We could also easily blame the selectors, whom many of us believe should have been sacked straight after the India tour and some even before that. There have been too many selections where they have tried to put round objects into square holes or have completely misjudged an individual’s readiness for the Test arena. The balance of the side has looked completely wrong for a while now and they continue to jettison those who don’t fit their mould as personified by the media luvvies (see Rashid, Carberry, Compton etc). The fact that James Whitaker still has a job is like the ECB is playing one massive practical joke on the rest of England, hell I’d rather have John Whitaker making the selections.
It is clear that many elements could be blamed for England’s consistently poor decision making and massive inconsistency in the Test arena (though one could argue that losing 6 out of 8 Tests isn’t inconsistency and just the sign of a poor side); however there does seem to be one constant running through all of these gripes. Yes, our purported savior, the Director, England Cricket.
Now many might say that it is unfair to put the blame squarely at Strauss’ door and some will even go further and say that I am purporting an agenda against Strauss, and whilst it’s true that I have little time for Strauss, the one common element is that all roads lead to him. Graves is being kept in a cupboard under the stairs, only allowed out to wine and dine the County chairmen, Empty Suit is too concerned with the TV deals and the Cockroach is still trying to infiltrate the ICC, so that really only leaves us with Director Comma. When appointed, Strauss’ supposed remit was:
Strauss, will will be responsible for “the long-term strategy of the England men’s cricket team” and for developing “the right coaching and management structure to support it”.
Strauss knew that Bayliss was more of a white ball specialist when he appointed him and that he had very little knowledge of county cricket; however it still seems that the key to Strauss’ appointment was to push the white ball game and to ensure a certain South African born player wasn’t picked. If Strauss didn’t know that Bayliss was a hands-off coach, then that is a damning indictment of his research and judgment. Strauss is also in charge of the selectors, so why has there been no accountability with bust after bust coming from Whitaker and co? Any fool could see they’re not up to the job, hell I would make Peter Moores chief selector, he might not be able to coach at International level, but he was the most successful in bringing young cricketers through to the England set up. I would certainly remove Flower from any formal or informal position on the panel, a conflict of interest there most certainly is, but whether Director Comma actually has the cohones to do it, is another matter.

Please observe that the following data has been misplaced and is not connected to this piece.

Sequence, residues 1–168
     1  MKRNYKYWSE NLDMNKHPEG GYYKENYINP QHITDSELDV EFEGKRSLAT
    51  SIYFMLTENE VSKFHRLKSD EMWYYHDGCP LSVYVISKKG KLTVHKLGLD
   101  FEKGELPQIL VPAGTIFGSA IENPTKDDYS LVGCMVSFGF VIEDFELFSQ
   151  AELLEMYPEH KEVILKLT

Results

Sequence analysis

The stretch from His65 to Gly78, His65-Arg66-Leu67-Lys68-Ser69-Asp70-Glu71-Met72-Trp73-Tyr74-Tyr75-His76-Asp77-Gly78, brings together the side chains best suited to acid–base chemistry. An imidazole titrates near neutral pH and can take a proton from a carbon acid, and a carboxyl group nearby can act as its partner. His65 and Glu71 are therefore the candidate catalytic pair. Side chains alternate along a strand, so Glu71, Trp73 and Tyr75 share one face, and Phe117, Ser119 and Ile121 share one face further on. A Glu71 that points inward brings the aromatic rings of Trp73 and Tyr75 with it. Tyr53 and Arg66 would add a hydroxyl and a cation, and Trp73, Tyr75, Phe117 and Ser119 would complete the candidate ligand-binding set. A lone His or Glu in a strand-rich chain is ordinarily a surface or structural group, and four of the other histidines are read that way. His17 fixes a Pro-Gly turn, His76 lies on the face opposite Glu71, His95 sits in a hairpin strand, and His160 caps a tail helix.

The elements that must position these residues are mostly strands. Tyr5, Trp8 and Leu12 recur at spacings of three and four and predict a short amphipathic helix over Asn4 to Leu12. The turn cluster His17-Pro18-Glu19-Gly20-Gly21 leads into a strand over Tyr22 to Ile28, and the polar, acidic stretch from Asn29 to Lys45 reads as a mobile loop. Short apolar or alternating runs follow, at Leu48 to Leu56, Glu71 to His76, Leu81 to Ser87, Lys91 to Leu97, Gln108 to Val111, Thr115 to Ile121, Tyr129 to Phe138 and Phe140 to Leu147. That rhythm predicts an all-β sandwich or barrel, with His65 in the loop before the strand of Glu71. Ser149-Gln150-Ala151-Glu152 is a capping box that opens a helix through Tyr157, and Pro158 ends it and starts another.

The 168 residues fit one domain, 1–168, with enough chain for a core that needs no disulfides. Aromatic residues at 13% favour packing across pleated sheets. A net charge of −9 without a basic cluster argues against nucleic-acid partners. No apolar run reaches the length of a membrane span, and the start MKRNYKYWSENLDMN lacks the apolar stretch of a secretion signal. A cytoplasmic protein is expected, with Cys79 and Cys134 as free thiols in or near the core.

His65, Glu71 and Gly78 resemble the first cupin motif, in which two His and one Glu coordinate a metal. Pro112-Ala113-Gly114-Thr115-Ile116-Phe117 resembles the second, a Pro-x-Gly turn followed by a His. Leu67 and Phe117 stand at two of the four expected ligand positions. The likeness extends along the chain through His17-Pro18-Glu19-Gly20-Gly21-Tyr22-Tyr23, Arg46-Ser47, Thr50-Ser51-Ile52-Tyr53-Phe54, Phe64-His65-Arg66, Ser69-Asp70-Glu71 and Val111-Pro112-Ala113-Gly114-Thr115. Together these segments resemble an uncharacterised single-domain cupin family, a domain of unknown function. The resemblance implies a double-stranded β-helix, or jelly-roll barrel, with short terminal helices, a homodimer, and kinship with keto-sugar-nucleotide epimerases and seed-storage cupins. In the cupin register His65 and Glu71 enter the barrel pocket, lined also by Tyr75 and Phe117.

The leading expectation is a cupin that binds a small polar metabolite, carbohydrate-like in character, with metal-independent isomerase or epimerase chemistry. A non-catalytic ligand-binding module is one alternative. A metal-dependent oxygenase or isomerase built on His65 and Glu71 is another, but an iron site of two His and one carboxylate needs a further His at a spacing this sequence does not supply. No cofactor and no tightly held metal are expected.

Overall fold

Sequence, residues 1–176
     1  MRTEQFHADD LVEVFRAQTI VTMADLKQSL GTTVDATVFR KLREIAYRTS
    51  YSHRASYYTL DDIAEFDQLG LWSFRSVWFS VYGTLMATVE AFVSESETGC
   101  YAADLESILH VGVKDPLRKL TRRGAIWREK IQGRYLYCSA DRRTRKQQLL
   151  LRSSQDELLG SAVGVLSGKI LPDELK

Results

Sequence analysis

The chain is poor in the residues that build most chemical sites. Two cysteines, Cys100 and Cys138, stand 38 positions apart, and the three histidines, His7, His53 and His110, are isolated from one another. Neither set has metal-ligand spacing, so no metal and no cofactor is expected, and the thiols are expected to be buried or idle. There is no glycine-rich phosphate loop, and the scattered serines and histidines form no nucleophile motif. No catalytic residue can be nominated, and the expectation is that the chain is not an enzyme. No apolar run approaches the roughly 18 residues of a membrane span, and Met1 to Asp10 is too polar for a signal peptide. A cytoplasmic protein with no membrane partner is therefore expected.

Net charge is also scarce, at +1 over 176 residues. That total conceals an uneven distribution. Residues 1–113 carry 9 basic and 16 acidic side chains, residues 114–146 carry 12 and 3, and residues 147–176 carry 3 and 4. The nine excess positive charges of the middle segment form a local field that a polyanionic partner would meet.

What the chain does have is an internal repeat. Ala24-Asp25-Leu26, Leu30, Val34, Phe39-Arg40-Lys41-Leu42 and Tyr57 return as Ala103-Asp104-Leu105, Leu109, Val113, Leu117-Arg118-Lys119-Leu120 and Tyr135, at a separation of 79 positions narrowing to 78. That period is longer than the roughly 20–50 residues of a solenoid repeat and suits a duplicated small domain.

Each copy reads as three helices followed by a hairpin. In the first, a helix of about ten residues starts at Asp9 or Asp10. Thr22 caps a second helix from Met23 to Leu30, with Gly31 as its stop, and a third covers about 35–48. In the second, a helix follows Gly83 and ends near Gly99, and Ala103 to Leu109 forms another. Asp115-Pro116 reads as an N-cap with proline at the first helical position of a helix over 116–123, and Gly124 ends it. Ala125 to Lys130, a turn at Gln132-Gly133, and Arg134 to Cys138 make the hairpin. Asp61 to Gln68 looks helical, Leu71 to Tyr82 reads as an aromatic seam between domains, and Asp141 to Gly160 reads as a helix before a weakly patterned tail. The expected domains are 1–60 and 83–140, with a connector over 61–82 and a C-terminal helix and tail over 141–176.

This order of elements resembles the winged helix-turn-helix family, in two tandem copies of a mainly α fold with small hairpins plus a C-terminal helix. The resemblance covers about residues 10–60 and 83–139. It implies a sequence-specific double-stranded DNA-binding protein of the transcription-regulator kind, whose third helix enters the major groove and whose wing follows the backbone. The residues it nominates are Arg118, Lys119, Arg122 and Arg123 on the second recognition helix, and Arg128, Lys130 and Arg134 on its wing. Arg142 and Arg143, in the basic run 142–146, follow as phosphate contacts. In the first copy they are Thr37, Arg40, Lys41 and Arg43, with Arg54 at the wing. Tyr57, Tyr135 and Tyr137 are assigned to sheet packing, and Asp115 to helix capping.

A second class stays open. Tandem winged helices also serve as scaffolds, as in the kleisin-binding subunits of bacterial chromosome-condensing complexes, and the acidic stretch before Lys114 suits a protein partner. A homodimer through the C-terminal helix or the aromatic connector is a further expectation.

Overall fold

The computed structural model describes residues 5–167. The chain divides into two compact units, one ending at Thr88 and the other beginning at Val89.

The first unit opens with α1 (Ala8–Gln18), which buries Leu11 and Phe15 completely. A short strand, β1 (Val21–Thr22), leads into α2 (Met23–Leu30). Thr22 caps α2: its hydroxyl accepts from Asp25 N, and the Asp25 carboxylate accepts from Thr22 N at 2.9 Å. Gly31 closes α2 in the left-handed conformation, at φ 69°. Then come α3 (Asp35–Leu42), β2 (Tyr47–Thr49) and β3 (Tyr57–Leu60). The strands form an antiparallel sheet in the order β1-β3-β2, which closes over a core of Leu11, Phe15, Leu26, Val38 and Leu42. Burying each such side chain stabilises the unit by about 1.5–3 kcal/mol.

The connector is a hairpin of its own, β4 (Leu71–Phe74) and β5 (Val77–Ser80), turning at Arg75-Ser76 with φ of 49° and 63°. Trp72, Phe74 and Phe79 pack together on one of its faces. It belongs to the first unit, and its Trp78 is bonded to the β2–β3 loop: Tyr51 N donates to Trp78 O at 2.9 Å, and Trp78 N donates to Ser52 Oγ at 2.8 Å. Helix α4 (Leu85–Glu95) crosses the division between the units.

Another damning aspect of all this has been Strauss’ insistence that white ball cricket was more of a focus across all of the age groups, very much at the detriment to the red ball game. We can of course question the mindset and attitude of England’s Test batsmen, but when they and the next generation are not being given proper exposure to the red ball game early in their career against high quality players, then of course we leave ourselves open to being undercooked at this level. It is astoundingly incompetent to have the Lions playing 6 red ball games over a 3-year period, with an England Test line up crying out for new talent. Whilst it would be unfair to directly apportion blame to Strauss for Loughborough’s consistent failure, it doesn’t appear that he is too keen to do much about it, after all that’s Mr. Flowers remit and one doesn’t go about sticking his nose into Darth Mood Hoover’s ‘oeuvre d’art’.
So what have England actually achieved in Director Comma’s tenure, we have a white ball team that is better than it was but still hasn’t won anything, a Test team with the same glaring holes and lack of talent in the system as we had in 2014, which makes it impossible to make England a constantly competitive Test Team, oh and a new domestic T20 competition that nobody wants. It wouldn’t be unfair to surmise in my opinion, that in the three years since Strauss took over as Director, England Cricket, English cricket hasn’t moved forward an iota and that for me is the most damning statistic of them all.